- Ensuring answers are relevant to users’ questions requires a translation from data and information to knowledge and wisdom. Most portals we monitor are dominated by providing data. Few provide sufficient information for users to judge the quality of that data, and some of the climate adaptation information publicly available has serious flaws. No site that we’ve seen matches the user’s needs to the data available with an understanding of the role of uncertainty in a variety of decision contexts.
- Our focus on use cases is a formal means of ensuring that the information provided is fit for the purpose intended by the user.
- We are working on simple tools to help users define their needs in ways that improve their search strategy. However, this is still a complicated area in information technology. Several shortcuts are proposed as first steps.
- Distributed communities of practice have particular requirements for information, ways of acquiring reliable advice and standards for quality assurance.
- Users should be encouraged to find information through their customary modes, whether their organization's portal, a trusted web site or through ad-hoc searches.
- Information should be ‘pulled’ by users to their desktops rather than pushed indiscriminately. This semantic web approach enables users to build profiles that bring information to whatever portal they prefer, even if just iGoogle and similar aggregators.
- The current information on climate adaptation is only a beginning. Vast climate data sets are in the works (not least the IPCC AR5 models at the regional scale). Better understanding of planning issues, economics of adaptation and criteria for success is well advanced. Services need to be ready to scale up and reach a critical mass in order to be effective.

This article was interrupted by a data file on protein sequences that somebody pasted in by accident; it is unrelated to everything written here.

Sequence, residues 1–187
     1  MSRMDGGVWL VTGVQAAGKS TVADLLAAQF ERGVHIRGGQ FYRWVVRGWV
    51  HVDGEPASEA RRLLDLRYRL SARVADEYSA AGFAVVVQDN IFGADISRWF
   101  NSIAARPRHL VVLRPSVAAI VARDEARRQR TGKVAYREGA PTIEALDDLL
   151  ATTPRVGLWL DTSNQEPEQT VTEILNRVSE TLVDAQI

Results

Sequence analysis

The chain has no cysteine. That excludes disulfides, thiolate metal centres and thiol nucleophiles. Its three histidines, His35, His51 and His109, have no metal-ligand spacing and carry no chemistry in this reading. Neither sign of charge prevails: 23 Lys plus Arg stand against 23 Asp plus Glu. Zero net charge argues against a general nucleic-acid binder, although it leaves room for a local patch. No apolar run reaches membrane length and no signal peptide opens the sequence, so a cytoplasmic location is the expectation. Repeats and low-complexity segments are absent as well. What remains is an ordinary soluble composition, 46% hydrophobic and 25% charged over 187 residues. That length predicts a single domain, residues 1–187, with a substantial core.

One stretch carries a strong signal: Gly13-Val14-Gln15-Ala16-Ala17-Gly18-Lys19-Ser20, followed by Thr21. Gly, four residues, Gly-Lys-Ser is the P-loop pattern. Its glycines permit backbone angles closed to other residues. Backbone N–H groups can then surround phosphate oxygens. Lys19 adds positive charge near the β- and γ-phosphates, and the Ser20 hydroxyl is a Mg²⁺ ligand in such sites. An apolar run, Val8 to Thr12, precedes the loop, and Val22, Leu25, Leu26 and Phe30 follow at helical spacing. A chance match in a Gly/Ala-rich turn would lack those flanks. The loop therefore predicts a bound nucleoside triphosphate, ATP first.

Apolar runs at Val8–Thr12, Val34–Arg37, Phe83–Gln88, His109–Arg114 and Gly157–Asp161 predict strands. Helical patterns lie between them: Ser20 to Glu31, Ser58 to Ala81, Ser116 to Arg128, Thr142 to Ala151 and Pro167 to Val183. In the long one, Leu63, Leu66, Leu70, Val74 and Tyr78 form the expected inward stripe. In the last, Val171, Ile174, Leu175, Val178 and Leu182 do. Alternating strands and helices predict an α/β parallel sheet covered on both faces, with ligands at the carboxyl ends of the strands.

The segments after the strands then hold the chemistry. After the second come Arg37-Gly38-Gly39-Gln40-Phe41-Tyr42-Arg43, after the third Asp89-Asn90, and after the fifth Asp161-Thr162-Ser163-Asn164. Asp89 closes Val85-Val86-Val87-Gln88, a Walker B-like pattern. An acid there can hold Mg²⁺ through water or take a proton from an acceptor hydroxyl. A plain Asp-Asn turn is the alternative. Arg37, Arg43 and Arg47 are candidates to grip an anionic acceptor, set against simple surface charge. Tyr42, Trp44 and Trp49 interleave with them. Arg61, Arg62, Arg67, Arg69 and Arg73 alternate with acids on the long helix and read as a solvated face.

- Partners in a web-ring are specialists in their domains, and keep their information up to date. Our services are designed to pull this latest material to the user rather than duplicate such data sets, which are quickly out of date. As an example, GCAP has an agreement with the Climate Systems Analysis Group at the University of Cape Town to link their Climate Information Portal to our knowledge management services.
- Professional approaches to climate adaptation web services are required to ensure sustainability and suitability. Web services require sustained support beyond the individual programmer or support generally available through small research and applications groups.
- GCAP has established a partnership with iSPACE, a professional software development company based in Los Angeles and Hyderabad, India to develop the Adaptation Space. iSpace is fully certified and brings a wealth of experience in secure web services and client-oriented applications. Our development team at iSPACE specializes in Java (cross-platform capability), data mining and visualization, and user interfaces. The team includes a Quality Assurance specialist that certifies the software complies with the use cases established in the design phase.